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steroids on tabletop close up
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Bodybuilding Steroids

Some people take anabolic steroids -- drugs that work like the male hormone testosterone -- to get extreme muscles. But they can cause scarring in the parts of your kidneys that filter your blood.  This can make your body parts swell, make you lose protein in your blood, and give you high cholesterol.

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man with heartburn pain close up
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Heartburn Drugs

Drugs called proton pump inhibitors (PPIs), which cut down on stomach acid, can cause swelling in your kidneys if you take them for a long time.  Some studies suggest that taking a lot of PPIs can also make you more likely to get long-term kidney disease.  If you’re worried, ask your doctor if another kind of heartburn drug, an H2 blocker, might be better for you.

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doctor examining throat of senior woman
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Strep Throat

When you have this infection, your body makes proteins called antibodies to fight it. Extra ones can settle in the filtering parts of your kidneys and make them inflamed.  It usually doesn’t last long, but the kidney damage may be permanent for some people.   If you think you have strep throat, see your doctor as soon as possible.

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Sources | Medically Reviewed on 10/07/2018 Reviewed by Minesh Khatri, MD on October 07, 2018

IMAGES PROVIDED BY:

1) karandaev / Thinkstock

2) verdateo / Thinkstock

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5) Comstock / Thinkstock

6) BONNINSTUDIO / Thinkstock

7) Scharvik / Thinkstock

8) sb-borg / Thinkstock

 

SOURCES:

CDC: “Smoking and Diabetes.”

Mayo Clinic: “High blood pressure (hypertension).”

National Kidney Foundation: “Alcohol and Your Kidneys,” “Say No to That Diet Soda?” ”The Right Diet May Help Prevent Kidney Disease,” “Smoking and Your Health,” “Which Drugs are Harmful to Your Kidneys?” “Acid Reflux and Proton Pump Inhibitors,” “Focal Segmental Glomerulosclerosis.”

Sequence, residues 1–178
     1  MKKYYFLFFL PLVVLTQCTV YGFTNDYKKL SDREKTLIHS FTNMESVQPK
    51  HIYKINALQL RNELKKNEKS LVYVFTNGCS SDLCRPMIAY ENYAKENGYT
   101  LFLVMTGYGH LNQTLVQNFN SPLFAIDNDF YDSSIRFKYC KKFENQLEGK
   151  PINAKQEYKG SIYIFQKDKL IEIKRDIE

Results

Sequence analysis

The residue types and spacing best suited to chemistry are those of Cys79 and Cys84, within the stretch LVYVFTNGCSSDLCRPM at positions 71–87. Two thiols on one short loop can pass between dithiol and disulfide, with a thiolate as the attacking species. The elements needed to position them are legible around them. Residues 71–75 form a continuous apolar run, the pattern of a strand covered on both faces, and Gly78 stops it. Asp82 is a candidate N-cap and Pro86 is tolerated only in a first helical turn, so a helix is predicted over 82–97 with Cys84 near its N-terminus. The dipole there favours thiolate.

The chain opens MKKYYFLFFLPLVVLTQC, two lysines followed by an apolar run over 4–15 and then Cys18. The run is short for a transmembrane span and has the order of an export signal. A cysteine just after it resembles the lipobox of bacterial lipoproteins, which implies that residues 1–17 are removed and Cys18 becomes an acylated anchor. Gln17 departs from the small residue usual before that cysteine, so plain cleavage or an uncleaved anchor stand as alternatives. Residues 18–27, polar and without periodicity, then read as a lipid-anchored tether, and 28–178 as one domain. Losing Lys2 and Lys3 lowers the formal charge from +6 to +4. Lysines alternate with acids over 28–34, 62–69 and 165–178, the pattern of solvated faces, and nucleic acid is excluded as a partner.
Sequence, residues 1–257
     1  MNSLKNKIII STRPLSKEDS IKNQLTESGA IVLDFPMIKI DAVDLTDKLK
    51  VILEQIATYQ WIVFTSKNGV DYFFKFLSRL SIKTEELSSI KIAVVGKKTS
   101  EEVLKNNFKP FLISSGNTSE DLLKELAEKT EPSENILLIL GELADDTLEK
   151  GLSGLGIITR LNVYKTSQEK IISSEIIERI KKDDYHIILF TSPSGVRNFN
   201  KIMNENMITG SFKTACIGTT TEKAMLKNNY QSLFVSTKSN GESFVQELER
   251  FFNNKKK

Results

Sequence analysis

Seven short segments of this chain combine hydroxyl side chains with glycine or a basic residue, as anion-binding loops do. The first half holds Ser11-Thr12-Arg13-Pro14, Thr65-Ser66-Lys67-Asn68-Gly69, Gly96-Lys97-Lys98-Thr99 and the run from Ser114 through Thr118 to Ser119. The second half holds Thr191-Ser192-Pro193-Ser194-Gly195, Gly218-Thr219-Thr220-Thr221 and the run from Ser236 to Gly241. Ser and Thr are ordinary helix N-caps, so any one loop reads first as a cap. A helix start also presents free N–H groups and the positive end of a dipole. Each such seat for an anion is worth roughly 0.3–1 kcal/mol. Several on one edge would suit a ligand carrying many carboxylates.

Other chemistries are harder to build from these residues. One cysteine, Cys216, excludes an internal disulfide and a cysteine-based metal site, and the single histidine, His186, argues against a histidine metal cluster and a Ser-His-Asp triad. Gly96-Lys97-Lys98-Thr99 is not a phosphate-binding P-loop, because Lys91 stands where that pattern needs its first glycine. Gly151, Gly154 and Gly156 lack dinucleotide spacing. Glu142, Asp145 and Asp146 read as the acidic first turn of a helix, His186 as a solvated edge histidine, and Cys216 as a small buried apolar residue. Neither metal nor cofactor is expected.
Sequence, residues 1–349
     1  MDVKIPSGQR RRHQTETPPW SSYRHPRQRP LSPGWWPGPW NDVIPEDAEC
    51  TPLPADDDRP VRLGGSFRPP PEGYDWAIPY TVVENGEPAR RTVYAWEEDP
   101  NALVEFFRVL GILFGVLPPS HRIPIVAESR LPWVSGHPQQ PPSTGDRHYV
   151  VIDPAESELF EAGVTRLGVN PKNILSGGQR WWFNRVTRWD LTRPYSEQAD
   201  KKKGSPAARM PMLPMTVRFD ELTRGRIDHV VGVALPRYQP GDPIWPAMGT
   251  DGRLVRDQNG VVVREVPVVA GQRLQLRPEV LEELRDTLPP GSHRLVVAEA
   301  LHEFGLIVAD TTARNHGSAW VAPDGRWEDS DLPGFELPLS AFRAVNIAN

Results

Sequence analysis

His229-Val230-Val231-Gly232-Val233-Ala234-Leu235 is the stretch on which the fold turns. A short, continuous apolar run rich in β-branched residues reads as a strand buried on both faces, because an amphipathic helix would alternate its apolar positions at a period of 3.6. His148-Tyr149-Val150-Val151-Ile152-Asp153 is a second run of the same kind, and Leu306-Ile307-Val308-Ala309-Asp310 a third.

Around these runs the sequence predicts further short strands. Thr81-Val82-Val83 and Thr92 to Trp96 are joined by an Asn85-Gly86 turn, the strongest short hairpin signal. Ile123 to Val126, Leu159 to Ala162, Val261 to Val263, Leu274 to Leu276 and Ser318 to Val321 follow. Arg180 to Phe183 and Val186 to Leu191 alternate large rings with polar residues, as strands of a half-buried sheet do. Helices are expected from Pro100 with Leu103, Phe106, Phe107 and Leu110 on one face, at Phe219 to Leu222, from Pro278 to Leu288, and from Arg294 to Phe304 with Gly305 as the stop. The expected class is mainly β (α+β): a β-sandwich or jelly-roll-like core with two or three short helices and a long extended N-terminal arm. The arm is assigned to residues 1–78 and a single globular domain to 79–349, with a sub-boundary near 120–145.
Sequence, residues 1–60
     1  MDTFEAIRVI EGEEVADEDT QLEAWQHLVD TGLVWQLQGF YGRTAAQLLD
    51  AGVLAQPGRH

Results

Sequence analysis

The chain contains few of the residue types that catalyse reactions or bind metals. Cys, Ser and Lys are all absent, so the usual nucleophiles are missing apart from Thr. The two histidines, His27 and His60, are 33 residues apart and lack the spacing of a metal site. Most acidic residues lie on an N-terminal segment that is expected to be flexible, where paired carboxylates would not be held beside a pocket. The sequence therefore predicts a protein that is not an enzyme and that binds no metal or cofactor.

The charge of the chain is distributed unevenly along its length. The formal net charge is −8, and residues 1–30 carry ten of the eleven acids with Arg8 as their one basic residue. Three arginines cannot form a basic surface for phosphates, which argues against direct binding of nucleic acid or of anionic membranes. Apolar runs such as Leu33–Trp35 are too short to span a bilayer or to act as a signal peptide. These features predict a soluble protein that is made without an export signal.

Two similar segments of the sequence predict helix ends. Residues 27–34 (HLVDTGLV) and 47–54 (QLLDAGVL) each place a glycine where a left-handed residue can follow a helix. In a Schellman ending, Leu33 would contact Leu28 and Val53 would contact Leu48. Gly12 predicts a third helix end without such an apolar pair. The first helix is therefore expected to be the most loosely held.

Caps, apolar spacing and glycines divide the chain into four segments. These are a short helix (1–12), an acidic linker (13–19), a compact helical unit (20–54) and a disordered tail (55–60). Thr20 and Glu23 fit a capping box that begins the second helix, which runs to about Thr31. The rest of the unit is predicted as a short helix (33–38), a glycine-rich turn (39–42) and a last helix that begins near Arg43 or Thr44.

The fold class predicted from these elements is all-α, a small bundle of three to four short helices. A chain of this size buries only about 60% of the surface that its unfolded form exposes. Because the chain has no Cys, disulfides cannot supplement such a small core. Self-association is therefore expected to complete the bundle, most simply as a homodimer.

National Institutes of Health: “Carbonated Beverages and Chronic Kidney Disease,” “Mechanisms by Which Dehydration May Lead to Chronic Kidney Disease.”

World Action on Salt & Health: “Salt and the kidneys.”

Journal of the American Society of Nephrology: “Development of Focal Segmental Glomerulosclerosis after Anabolic Steroid Abuse.”

American Gastroenterological Association: “How to Talk with Patients about PPIs and Chronic Kidney Disease.”

Cleveland Clinic: “Glomerular Diseases.”

The Kidney Fund: “How Can I Prevent Glomerulonephritis?”

The Ochsner Journal: “Rhabdomyolysis: Pathogenesis, Diagnosis, and Treatment.”

U.S. National Library of Medicine PubMed Health: “Rhabdomyolysis.”

Reviewed by Minesh Khatri, MD on October 07, 2018

This tool does not provide medical advice. See additional information.

THIS TOOL DOES NOT PROVIDE MEDICAL ADVICE. It is intended for general informational purposes only and does not address individual circumstances. It is not a substitute for professional medical advice, diagnosis or treatment and should not be relied on to make decisions about your health. Never ignore professional medical advice in seeking treatment because of something you have read on the WebMD Site. If you think you may have a medical emergency, immediately call your doctor or dial 911.